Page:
Now I don’t mean for this blog to be blog that is entirely critical of this song as I’m sure when Kirk Franklin was writing the lyrics, he was not opening up systematic theology books to gage the extent of the theological correctness of that which he writes about. As a matter of fact, I think it would take away from the artistry and creativity of where he starts when he writes and much of what this album is about—his own life experiences—as is the case with much of what I term “black gaaaaaspel music.”

So Kirk Franklin is following tradition here. Like many of the spirituals written under chattel slavery, Franklin writes from the heart about life, pain, and hope for a brighter tomorrow. What else do we have to rely on when the dark nights of the soul smash down on us like tsunami? This, as a matter of fact, is what the Old Testament biblical authors called the children of Israel to do when they were in Egypt or when other nations attacked them and overtook them—to remember. Remember the promises of God.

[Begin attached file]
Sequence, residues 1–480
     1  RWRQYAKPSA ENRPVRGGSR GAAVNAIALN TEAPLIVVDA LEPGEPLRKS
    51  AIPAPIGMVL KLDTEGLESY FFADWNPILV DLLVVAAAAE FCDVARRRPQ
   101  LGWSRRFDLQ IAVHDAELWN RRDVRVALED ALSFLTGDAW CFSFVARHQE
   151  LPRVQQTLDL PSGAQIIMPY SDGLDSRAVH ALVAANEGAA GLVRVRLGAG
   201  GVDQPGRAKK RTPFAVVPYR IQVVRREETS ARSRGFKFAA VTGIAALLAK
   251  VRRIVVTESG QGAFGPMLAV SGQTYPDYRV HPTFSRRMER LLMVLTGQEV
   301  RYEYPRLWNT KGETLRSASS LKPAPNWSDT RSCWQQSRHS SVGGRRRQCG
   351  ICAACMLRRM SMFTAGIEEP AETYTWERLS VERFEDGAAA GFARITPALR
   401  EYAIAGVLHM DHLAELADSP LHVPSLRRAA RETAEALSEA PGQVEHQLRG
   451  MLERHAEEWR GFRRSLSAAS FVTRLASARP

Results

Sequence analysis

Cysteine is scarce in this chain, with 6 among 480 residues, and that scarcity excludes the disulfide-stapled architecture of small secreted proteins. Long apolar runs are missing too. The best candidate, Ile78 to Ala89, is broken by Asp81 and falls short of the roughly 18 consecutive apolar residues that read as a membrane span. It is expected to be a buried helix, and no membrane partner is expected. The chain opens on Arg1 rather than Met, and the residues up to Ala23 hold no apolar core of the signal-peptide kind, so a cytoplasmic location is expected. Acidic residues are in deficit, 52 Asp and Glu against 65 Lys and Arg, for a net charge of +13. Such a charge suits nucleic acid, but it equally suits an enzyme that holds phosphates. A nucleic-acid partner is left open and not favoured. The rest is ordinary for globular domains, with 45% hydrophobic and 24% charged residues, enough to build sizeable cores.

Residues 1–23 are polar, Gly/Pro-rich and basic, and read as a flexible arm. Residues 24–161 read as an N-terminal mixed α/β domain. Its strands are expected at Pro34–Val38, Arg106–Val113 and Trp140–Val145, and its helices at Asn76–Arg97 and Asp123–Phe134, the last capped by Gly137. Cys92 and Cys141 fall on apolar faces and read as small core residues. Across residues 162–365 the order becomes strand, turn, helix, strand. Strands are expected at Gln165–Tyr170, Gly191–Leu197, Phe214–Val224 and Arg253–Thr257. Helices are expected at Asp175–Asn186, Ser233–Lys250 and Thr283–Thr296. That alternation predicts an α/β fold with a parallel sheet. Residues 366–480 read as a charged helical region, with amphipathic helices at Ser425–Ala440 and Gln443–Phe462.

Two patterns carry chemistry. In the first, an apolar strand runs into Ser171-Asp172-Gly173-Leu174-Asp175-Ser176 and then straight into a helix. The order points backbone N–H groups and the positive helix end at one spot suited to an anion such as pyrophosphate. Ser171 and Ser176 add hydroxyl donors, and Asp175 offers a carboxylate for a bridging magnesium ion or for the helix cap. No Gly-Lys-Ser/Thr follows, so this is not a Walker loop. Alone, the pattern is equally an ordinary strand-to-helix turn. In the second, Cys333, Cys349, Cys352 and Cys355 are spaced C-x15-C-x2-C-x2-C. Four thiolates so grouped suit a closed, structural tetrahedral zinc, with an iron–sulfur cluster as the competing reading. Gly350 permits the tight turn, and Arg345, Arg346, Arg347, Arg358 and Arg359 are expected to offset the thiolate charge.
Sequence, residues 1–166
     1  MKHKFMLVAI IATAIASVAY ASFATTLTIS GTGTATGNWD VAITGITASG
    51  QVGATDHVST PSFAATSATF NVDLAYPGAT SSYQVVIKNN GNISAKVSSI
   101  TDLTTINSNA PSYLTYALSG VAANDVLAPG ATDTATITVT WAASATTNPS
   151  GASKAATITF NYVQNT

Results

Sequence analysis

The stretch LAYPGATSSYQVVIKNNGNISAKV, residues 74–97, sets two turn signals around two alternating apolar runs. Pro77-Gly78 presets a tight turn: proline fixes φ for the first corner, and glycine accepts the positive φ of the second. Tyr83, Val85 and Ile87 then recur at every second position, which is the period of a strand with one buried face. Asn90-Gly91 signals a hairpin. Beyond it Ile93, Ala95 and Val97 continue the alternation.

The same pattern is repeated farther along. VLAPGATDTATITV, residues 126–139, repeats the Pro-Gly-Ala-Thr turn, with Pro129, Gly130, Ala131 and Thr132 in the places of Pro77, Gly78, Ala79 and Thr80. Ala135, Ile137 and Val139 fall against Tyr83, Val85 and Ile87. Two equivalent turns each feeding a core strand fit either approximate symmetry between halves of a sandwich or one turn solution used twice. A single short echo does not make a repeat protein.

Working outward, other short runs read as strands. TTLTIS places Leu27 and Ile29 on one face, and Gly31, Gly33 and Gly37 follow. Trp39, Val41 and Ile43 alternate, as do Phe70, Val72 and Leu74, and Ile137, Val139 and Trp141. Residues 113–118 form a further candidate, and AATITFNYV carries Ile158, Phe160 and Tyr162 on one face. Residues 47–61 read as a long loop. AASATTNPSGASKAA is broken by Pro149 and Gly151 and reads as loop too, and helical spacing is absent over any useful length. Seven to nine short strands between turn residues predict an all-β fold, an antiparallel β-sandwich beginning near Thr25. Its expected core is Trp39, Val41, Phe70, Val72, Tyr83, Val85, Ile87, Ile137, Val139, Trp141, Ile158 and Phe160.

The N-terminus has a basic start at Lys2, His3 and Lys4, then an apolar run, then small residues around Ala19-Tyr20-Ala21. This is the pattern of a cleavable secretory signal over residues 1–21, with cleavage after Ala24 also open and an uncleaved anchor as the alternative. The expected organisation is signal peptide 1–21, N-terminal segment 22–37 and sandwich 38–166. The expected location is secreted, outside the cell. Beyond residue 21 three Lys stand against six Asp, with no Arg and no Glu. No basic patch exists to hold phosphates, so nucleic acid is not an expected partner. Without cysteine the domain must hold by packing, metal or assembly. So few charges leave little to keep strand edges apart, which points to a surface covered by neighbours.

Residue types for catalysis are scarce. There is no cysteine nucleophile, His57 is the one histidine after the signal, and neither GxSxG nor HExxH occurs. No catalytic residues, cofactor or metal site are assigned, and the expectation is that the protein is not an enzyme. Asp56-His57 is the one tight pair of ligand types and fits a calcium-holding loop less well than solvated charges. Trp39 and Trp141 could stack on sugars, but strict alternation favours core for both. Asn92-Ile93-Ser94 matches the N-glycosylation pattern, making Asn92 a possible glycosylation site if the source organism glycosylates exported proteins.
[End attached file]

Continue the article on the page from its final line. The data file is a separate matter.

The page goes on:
But this is also where Franklin’s song may be at its weakest as well. When God calls us to remember, it is not merely to remember OURSELVES, but to remember what God has in store for ALL of creation. By this, I don’t simply mean our own psychological selves--- being freed from sins, passions and dispositions towards sin. What I mean would include, the larger vision of the church—what Brueggemann has called the “finished church.”

Brueggemann, in his book,

“Texts Under Negotiation”

says that,

“…the church is only an anticipation of the full, promised community of the whole world. It ill becomes the church to announce its own expected completion, because the church itself is not the goal of God’s creation.”

But it isn't only this as well. One day, the whole of creation will no longer be bound by what Brueggeman calls,

“fixed patterns of domination, no longer caught in the endless destructive power struggles…a world no longer bent on hostility but under God’s presence as a place where creatures “no longer hurt or destroy.”

The text for this is not somewhere to be found in Revelation (in completion and consummation) but is found in Gen 9: 8:17. God rethinks and recares for the world (cosmos) and the rainbow servers to remind God of his promises.

Again, it probably was not Franklin’s desire to get into some full-fledged theology of renewal. None-the-less, though I personally think he is on target, his vision is limited.